The following morning we and our neighbours were up pretty early. And we proceeded to hear the dunny door swinging shut non-stop for a couple of hours as the group availed themselves of the facilities, including one poor chap who seemed to be clearing his stomach of its contents. He must have eaten something bad for dinner…

Our new friends, Sproggo and his mate, turned up again that morning to see if we were up and all ok. They were really polite kids, just wanting a chat and were somewhat disappointed we hadn’t brought any other kids for them to play with.

Sproggo was a funny chap, and when he asked where we were from and where we were going, I advised from WA and going to Kimba next, a small country town about 100 km from where we are camping, to which he exclaimed “Crikey, you guys are going around the world!”. Obviously, distance and direction are relative when you’re 10 years old.

We spent the rest of the day exploring the East side of the ranges via car and foot. And, whilst all nice, it wasn’t that dissimilar to the West side. Then another evening was spent by the campfire, enjoying Jules’ yummy Sweet Potato Curry.

The stupidest bird alive, I give you….. the Emu
A little Wren posing for the camera
Shot of the range
Jules on one of the short hikes
A family of Mulga Parrots
A juvenile Mulga Parrot
Our cars on the track
Shot of the ranges
Another example of the Organ Pipes
A White Eared Honeyeater
A picture of a worn rock shelf, showing the prism shapes of the rhyolite lava formed pillars that are the Organ Pipes
Jules is onto something, not sure what though
Our cars on the track
A track winding back.
Another track
Dead tree in the paddock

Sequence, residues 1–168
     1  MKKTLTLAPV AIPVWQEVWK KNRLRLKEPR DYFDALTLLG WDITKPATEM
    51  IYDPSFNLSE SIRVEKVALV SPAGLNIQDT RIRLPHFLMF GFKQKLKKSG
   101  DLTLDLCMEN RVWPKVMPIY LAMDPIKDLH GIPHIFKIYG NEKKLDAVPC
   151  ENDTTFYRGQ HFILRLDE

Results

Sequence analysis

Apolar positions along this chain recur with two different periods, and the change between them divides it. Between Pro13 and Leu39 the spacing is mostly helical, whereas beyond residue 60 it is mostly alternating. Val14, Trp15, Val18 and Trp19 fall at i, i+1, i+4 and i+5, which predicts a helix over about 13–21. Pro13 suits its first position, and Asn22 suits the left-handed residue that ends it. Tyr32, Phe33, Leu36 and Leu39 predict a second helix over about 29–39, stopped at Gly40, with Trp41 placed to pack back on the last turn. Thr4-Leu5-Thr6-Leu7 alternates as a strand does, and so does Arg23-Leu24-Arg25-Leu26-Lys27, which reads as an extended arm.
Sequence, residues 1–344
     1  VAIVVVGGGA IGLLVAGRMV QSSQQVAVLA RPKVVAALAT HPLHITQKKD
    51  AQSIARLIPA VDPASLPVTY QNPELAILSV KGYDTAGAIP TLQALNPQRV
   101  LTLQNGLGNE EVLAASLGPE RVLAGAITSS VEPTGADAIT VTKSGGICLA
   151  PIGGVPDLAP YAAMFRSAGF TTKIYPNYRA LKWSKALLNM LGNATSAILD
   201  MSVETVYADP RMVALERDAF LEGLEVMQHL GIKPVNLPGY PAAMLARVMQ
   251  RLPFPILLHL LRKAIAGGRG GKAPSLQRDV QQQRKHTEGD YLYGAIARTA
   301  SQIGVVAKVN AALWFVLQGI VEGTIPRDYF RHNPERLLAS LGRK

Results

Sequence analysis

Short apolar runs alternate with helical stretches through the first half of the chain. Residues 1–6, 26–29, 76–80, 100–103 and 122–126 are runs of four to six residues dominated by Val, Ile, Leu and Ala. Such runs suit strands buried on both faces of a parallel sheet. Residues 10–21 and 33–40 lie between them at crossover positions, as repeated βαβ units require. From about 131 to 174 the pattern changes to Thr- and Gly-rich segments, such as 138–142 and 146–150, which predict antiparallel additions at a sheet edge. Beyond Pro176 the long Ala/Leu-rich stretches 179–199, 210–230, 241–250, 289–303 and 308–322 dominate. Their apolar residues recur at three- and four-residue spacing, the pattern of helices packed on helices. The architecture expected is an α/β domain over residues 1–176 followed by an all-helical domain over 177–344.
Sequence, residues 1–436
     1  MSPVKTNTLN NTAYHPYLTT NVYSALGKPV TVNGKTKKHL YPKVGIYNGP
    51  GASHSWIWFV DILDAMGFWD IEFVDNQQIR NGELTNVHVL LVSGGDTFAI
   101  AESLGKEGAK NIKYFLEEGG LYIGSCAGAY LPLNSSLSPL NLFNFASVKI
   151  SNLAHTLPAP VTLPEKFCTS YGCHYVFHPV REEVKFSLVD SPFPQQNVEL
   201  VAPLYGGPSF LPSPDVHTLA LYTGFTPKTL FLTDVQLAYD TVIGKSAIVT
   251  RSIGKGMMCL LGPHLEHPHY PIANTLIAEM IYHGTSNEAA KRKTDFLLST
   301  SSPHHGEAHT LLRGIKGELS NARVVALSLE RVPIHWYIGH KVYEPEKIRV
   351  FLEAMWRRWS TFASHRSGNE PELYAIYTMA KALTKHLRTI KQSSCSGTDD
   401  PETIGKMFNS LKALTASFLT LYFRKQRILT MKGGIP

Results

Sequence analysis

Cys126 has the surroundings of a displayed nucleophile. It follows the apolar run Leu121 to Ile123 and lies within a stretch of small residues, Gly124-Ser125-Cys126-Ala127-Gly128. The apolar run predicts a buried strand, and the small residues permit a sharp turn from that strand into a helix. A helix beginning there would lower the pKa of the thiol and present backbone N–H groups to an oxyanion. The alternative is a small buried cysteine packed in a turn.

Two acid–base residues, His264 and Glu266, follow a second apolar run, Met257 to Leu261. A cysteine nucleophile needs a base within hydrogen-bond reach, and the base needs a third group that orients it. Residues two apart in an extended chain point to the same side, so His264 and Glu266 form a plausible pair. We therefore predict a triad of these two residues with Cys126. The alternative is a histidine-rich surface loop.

Another track winding back
Shot of some trees with the range in the background, this picture was taken from our campsite.
The same trees as the last shot, but taken a few hours later in the amazing colours of the setting sun and afterglow
Clouds lit up in the setting sun
Best mates, a Red and Western Grey Kangaroo we saw hanging out together

To end our Gawler Ranges leg of the trip, we had intended to camp overnight at the Lake Gilles Conservation Reserve, a free camp about 140 km down the road. But perusing WikiCamps Jules noted there was a popular RV camp at… “Sorry, what’s that?”. Dear reader please excuse me for a second, I’ve got a message coming through in my earpiece. “Yes, I’m listening. Yep, ok, yep, are you sure? You are. OK, I’ll let them know”. Apologies again dear reader, but I’ve got an announcement to make. In light of extenuating circumstances, I have to retract the previously awarded “Best RV Town award for Cowell” as they’ve been outdone by Kimba (polite applause ensues).

Pulling into the Kimba free RV park, we noted its spacious and flat space, well-tended (the cleaner was in attendance), provided bins, free potable water, flushing dunnies and $1 per 2-minute hot showers. And it’s only a short walk to the town centre, inclusive of the pub and shops. We had intended to just do an overnighter between Gawler Ranges and our next leg, being the York Peninsula, but we’ve decided to spend a couple of nights in Kimba instead. It’s places like this that bring travellers and, more importantly, travellers’ dollars into the town.

The beautiful silo art in Kimba
And a not painted silo in Kimba
This shot just appealed to me. The VB and Motel signs grabbed my eyeballs.
Kimba steel sculpture representing Edward John Eyre and his aboriginal companions
The Big Galah (8m tall) in Kimba, which coincidentally is also (apparently) halfway, as the crow flies, between the Eastern and Westernmost points of mainland Australia
Some actual Galahs near Kimba
Sheep in a paddock
Sir Gwavin on a track

The next leg and subject of our travel blog is the Yorke Peninsula.